Then came the pivotal episode of the recital, in 13 minutes of pure enchantment and éclat: the Trio élégiaque No 1 in G minor written by Sergei Rachmaninov in January 1892 in Moscow when he was 19 years old. Remarkably, it was 1947, four years after the death of the composer, before this polished, one-movement gem was formally published.

Within the one movement, the themes unfold to journey through più vivo – con anima – appassionato – tempo rubato – risoluto. The ensemble is led through the rapture by the piano’s lento lugubre of four of the most hauntingly beautiful notes ever announced, as piano and strings coalesce in a partnership made in heaven.

Bouquets well deserved.

After this elegiac intensity, and an interval for the awe-struck audience, there was a brisk resumption of proceedings into the intended lighter mood of the second half. The trio eased into the Slavonic Dance in E minor, Op 72 no 2 written by Antonín Dvořák in 1886. Over the years this classic has been variously arranged for piano duet, for two or three violins and cello, and for orchestra. A contemporary reviewer wrote of the two beguiling sets of Slavonic dances, “there is not a trace of artificiality or constraint,” and the Trio Bourgas rose to the challenge of playing to that standard.

The tempo took a more romantic turn with the short piece by Isaac Albéniz, Tango in D, Op 165 No 2. Originally written for piano, and later popularised for guitar, from the1890 suite “of album leaves” España, our heroines proffered this sweet melody before tackling a radically different take on the tango.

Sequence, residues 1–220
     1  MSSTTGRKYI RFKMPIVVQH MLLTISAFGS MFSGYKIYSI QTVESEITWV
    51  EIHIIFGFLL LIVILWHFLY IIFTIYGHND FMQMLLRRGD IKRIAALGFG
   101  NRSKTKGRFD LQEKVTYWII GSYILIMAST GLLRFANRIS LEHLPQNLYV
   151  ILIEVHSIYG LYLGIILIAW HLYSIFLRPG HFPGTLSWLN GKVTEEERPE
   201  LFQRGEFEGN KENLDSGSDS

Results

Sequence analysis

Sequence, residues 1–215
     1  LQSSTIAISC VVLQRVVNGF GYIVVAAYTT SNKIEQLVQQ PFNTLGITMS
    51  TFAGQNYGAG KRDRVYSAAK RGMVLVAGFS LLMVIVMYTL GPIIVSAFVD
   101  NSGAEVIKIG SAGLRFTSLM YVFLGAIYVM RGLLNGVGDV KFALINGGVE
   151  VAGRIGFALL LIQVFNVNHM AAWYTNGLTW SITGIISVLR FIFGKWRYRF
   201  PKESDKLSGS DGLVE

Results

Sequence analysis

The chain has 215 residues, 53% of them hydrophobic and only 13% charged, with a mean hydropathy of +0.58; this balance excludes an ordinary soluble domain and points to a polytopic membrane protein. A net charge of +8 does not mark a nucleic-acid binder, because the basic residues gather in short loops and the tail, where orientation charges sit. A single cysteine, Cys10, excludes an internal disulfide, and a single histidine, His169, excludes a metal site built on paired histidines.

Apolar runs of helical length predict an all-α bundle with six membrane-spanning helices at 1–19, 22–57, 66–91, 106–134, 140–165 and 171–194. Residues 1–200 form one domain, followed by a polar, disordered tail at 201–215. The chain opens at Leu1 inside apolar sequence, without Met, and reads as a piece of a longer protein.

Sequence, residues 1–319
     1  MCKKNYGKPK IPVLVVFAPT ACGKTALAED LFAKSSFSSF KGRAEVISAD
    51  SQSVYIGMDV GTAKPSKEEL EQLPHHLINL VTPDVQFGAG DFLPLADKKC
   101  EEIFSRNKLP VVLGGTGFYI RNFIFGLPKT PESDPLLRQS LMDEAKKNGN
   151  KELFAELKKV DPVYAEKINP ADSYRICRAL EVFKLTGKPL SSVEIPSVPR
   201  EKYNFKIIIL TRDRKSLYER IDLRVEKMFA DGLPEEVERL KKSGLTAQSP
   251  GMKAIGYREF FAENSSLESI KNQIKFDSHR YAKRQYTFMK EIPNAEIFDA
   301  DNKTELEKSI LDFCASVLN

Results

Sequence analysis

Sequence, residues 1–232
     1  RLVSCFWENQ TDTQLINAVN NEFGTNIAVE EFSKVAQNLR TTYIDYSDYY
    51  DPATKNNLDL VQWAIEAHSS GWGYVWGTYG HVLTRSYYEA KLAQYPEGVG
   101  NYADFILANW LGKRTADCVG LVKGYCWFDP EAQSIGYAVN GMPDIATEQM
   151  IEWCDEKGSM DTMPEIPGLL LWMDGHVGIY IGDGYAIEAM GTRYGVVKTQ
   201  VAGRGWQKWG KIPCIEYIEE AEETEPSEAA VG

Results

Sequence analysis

No shred of doubt about the virtuosity and versatility of Trio Bourgas could remain as they struck up the first of two selections from Astor Piazzolla (1921-1992), the Argentine composer who revolutionised the traditional tango of working-class dancehalls into nuevo tango, blending elements from jazz and classical music.

Piazzolla’s creations centred on the concertina-like bandoneon, so anyone familiar with mainstream recordings would be curious to hear how a transcription for piano, violin and cello would work. That is one of the less frequent versions among different instrumental combinations. In sum: the teamwork of Sally, Petia and Joy continued the revolution.

Joy, Sally, Petia during an earlier interview.

First, they essayed what can be described as music from, rather than for, the soul. This was Oblivion, recorded in 1982 with an orchestra in Italy for the film Enrico IV, and characterised by long-held notes alternating with slowly falling and weaving figures.

Next, they animated the tricky rhythms of Libertango, first recorded in Milan in May 1974 at the start of Piazzolla’s most experimental period. The title merges the Spanish word for liberty with the word tango.